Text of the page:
Now that I have an all-grain brewing system that I’m very happy with (see the eHERMS build), I am cranking out some great and consistent batches of beer. This is all well and good, but it is causing me to feel an itch to build something new.
A while back, Billy Broas of Homebrew Academy did a guest post on the different personalities of homebrewers. One of them was the “Tim the tool man Taylor” DIY-type. I am finding myself falling more in that category as I always have a need for a new DIY project.
Below is the list of projects we have either started on, am planning on starting, or am debating starting. Maybe one of these will give you some inspiration to build something yourself. Also, if you have built any of these items, or other cool brewing DIY items, please let me know – I would love to feature you in our DIY Showcase!
This is a big project. It is going to be expensive and time-consuming. However, I am very excited about it because I will learn some new skill sets, from electrical wiring, to soldering, to programming an Arduino microcontroller.
KegBot is “robot” that can tell when you’re pouring beer, and how much you’re pouring. It allows you to track your pours, check you in on Untappd and Twitter, keep track of how much beer is left in each of your kegs, know the temperature of your beer fridge, and see who else is drinking your beer. You can even have it read ID badges to secure your beer so that only approved drinkers can access the kegs! In other words, it’s a lot of work and totally unnecessary, but totally awesome!
If that sounds like fun to you, then I would encourage you to check out the open source KegBot project. You can get all of the code, build instructions, circuit boards, parts lists, etc. all from their website. It is so helpful that it has convinced me that even I, with my very little electrical and programming knowledge, can build this thing.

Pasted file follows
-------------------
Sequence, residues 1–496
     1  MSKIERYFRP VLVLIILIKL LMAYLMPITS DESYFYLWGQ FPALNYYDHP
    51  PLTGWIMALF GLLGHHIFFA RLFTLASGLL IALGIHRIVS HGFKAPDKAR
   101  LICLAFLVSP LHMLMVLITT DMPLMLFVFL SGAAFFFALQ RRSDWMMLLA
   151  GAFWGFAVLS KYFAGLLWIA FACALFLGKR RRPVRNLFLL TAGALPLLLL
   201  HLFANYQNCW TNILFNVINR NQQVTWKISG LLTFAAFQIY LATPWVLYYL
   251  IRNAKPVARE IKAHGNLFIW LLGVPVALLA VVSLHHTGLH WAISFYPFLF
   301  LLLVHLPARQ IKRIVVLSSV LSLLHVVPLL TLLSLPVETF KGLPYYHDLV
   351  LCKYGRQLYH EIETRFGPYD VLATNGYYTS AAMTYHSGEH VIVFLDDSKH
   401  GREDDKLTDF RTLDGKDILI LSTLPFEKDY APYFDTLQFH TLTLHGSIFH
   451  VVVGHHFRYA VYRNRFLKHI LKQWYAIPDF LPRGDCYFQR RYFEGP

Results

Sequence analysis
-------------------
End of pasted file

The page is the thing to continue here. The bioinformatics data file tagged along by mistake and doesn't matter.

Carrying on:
My guess is that it’s going to take me a while, but I have gathered up a lot of the parts and plan to get started soon.
I was taking out the trash the other day and found an old computer power supply laying by the dumpster. So of course I grabbed it, brought it inside and took it apart. It has 2 large fans that I have salvaged and plan to use one to spin my stir plate.
A stir plate allows you to get the most out of your yeast starter. New ones cost $80-100+, so it’s much easier to build your own. All you need is some sort of box (I see cigar boxes a lot), a computer fan, 5-12v power supply (phone chargers work great), and some optional add-ons like a power switch or knob to control the speed of the spinning.
While I do have a small converted chest freezer to ferment in, it can only hold two 5-gallon batches, or a single 10-gallon batch, at a time. It’s time to upgrade.
I was inspired by a friend who built an insulated addition onto a mini fridge with an easy access door. With the addition of a heat source (lite bulb) and a small computer fan (did I mention I found some free fans by the dumpster?) to move the air throughout the added square footage, he was able to use the cooling power of a mini fridge to hold five or six 5-gallon batches at a time.
I am planning to building something similar to this when we move later this year and have either a garage or a shed with space for something like this. For now, the little apartment just doesn’t have room for this sort of fermentation space.
Custom Tap Handles
I’ve been using the $2 black plastic tap handles for a while. I also have a handful of commercial handles a friendly bar owner gave me in exchange for some homebrew. However, I don’t have any that are truly mine.
I just activated a Groupon I bought for a 2-month membership and 6 hours of classes at TechShop RDU. They have a ton of great equipment that you can use for all sorts of projects, from welding to woodworking to computers to sowing! Oh, and they’re right next to Roth Brewing.
The plan is to take the woodworking and wood lathe classes and learn to turn tap handles from a block of wood. Once I take the class, I can use the equipment as much as I want. So if anyone has any prime pieces of hardwood that they would like to see turned into a tap handle, let me know and I’ll see what I can do.
Here’s a video to give you an idea of what I’m talking about: http://www.youtube.com/watch?v=NcVK1ukhcbA
I will take lots of photos as we work through each of these projects and post a full write-up on each once they are completed.
What DIY projects do other folks have going on at the moment? Have you built anything like these three things? I would love to hear if anyone else has tried to build a kegbot!